Diabetes is a problem that many millions of people suffer from. Various reports online show massive growth rates over the last 30 years and Bloomberg published a story in September last year detailing the epidemic that hit China. Over 11 percent of adults in China, or 114 million people are suffering from the disease.
In the United States reports indicate that diabetes suffers have doubled in the last decade, with Type 2 accounting for 90-95% of the diagnoses. This accounts for around eight percent of the total American population and it is said that 27% of people do not even know they have it.
Monitoring blood glucose levels is extremely important and needs to be handled several times a day. This can be both very painful and time consuming. Google may be coming to the rescue however, with a new prototype contact lens which can retrieve details about blood sugar levels directly from the eyeball.
Google say “Over the years, many scientists have investigated various body fluids—such as tears—in the hopes of finding an easier way for people to track their glucose levels. But as you can imagine, tears are hard to collect and study. At Google[x], we wondered if miniaturized electronics—think: chips and sensors so small they look like bits of glitter, and an antenna thinner than a human hair—might be a way to crack the mystery of tear glucose and measure it with greater accuracy.”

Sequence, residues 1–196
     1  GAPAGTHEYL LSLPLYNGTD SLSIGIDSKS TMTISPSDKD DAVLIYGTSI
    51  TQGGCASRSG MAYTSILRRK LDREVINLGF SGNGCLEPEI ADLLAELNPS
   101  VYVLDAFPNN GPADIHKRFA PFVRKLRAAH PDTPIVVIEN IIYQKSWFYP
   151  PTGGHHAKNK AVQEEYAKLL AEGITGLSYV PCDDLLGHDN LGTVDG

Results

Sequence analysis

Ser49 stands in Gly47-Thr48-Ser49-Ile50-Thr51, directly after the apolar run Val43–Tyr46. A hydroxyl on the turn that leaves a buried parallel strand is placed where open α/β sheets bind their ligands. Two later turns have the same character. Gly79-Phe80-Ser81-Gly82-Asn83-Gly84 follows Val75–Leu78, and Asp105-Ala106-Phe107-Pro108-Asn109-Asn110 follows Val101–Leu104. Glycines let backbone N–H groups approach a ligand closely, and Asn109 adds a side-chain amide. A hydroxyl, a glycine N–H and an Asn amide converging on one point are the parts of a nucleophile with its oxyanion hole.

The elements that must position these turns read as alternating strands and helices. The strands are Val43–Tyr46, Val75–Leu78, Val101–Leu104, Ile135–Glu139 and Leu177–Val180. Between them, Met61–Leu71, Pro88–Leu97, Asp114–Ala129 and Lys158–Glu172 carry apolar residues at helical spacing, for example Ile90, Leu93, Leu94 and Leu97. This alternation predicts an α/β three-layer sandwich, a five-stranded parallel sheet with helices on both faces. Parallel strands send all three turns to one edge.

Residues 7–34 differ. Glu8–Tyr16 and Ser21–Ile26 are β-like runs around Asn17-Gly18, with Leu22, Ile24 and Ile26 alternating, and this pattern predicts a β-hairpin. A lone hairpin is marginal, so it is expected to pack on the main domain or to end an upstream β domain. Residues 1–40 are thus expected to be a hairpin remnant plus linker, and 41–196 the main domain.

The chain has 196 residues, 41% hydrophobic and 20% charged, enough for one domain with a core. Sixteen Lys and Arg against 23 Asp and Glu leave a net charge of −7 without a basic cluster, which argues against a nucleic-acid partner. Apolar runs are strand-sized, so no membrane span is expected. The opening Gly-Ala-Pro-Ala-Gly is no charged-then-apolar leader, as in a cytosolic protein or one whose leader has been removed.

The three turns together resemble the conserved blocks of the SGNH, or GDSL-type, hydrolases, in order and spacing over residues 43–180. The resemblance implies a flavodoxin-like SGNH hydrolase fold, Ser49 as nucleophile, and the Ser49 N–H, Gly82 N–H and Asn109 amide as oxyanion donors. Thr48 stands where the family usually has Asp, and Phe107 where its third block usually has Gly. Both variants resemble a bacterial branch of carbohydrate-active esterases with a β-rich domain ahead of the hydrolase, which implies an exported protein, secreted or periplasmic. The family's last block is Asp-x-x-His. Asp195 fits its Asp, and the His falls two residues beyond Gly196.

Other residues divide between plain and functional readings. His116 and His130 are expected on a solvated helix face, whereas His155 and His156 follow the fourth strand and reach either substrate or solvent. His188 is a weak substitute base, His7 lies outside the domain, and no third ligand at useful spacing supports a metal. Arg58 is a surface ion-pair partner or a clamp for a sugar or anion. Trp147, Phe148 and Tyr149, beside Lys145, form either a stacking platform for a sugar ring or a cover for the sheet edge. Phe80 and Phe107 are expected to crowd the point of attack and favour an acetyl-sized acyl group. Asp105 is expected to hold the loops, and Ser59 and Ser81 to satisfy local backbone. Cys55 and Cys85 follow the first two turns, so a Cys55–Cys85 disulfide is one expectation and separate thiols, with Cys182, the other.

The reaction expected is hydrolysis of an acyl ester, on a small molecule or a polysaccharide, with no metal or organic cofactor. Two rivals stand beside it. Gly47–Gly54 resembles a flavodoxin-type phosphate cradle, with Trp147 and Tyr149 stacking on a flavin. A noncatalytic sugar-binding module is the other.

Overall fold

This contact lens has been equipped with a micro scale computer chip, sensor and antenna. Once every second, the sensor will monitor the persons glucose levels in the tears and then transmit the statistics to a wireless device, such as a smart phone or tablet. The information can then be read by the person, or more importantly, a doctor. Google claim that future prototypes may include a small LED which could alert the person to a problematic sugar level which is too low, or high. The contact lens has been designed not to interfere with eye sight at all and should work just like a traditional contact lens.
Kitguru says: Google Scientists are chatting with the FDA in the effort to take the prototype to the next stage. Even if approval goes through it may be years before the design reaches the public domain.